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Best Years: Going to the Movies, 1945-1946
by Charles Affron, Mirella Jona Affron and Nicole Solano
Rutgers University Press, 2009
Paper: 978-0-8135-4697-1 | eISBN: 978-0-8135-4845-6 | Cloth: 978-0-8135-4582-0
Library of Congress Classification PN1993.5.U6A74 2009
Dewey Decimal Classification 791.43097309044

ABOUT THIS BOOK | AUTHOR BIOGRAPHY | REVIEWS | TOC
ABOUT THIS BOOK
Americans flocked to the movies in 1945 and 1946ùthe center point of the three-decade heyday of the studio system's sound era. Why?

Best Years is a panoramic study, shining light on this critical juncture in American historyand the history of American cinemaùthe end of World War II (1945) and a year of unprecedented success in Hollywood's "Golden Age" (1946). This unique time, the last year of war and the first full year of peace, provides a rich blend of cinema genres and typesùfrom the battlefront to the home front, the peace film to the woman's film, psychological drama, and the period's provocative new style, film noir.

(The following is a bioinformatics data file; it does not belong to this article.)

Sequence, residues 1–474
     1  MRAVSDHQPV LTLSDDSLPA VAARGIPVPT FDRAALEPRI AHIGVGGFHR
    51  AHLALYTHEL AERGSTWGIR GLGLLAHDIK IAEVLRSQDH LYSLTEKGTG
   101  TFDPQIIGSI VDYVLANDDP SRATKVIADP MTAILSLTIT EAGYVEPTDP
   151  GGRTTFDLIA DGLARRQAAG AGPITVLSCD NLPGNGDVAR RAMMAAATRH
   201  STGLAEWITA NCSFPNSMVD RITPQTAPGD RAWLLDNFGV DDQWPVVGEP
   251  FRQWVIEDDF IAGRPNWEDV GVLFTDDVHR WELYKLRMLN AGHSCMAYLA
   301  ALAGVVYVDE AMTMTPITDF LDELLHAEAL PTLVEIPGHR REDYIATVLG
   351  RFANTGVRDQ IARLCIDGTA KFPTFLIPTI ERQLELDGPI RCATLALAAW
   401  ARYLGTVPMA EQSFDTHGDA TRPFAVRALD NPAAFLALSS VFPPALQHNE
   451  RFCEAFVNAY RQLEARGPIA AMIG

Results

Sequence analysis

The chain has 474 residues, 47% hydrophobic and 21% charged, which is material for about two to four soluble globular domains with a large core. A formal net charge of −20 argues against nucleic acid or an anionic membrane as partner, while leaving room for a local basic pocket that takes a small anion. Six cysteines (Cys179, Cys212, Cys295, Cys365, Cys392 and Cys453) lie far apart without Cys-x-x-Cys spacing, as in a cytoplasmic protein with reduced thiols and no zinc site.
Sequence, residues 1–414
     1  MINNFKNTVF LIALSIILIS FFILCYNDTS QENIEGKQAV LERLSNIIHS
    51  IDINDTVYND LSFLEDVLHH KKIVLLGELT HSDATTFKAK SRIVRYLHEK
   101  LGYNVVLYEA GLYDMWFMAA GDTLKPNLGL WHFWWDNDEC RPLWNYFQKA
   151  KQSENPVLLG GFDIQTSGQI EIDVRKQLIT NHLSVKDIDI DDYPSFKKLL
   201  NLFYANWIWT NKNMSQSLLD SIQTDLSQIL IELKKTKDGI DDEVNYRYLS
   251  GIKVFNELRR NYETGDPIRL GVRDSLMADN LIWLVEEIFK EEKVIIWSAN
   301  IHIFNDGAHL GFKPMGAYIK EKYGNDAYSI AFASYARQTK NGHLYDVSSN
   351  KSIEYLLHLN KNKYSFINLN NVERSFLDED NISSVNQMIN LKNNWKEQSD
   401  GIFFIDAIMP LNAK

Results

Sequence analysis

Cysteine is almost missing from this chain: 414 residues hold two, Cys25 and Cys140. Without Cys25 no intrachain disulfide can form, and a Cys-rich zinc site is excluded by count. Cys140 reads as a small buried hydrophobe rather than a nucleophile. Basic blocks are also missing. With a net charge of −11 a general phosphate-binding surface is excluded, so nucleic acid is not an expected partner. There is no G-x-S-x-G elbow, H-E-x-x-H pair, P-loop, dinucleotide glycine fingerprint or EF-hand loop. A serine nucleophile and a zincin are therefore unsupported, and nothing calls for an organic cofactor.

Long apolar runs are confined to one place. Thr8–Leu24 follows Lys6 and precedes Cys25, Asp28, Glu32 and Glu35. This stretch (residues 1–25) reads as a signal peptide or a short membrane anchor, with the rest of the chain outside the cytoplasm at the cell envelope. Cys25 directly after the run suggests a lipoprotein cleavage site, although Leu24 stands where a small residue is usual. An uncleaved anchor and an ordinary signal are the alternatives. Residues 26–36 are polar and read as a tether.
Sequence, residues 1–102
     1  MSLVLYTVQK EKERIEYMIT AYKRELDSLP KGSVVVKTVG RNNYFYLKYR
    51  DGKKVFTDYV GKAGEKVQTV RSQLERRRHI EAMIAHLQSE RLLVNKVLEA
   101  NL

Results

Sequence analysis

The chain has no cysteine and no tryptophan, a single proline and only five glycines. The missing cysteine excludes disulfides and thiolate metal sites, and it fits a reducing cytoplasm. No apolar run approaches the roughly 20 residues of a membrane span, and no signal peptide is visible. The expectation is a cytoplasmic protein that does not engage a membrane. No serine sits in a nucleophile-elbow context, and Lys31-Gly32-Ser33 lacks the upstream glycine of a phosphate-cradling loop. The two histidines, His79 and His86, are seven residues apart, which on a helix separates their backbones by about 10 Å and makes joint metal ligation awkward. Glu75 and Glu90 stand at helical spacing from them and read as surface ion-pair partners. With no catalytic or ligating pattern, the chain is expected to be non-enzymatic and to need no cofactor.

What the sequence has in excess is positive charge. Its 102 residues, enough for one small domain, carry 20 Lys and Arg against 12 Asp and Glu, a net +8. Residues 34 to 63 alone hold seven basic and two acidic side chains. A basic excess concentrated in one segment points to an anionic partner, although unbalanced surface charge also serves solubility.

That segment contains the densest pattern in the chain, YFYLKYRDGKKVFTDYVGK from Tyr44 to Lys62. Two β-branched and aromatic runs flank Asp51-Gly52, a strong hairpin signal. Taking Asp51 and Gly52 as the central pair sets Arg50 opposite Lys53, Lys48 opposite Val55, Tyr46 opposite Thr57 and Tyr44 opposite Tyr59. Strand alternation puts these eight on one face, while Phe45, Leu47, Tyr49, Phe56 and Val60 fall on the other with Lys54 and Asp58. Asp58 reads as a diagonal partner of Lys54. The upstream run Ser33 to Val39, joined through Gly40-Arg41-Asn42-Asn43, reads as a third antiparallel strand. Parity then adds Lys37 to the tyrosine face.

Best Years focuses on films that were famous, infamous, forgotten, and unforgettable. Big budget A-films, road shows, and familiar series share the spotlight. From Bergman and Grant in Notorious to Abbott and Costello in Lost in a Harem, Charles Affron and Mirella Jona Affron examine why the bond between screen and viewer was perhaps never tighter. Paying special attention to the movie-going public in key cities--Atlanta, New York, Boston, Honolulu, and Chicago--this ambitious work takes us on a cinematic journey to recapture a magical time.



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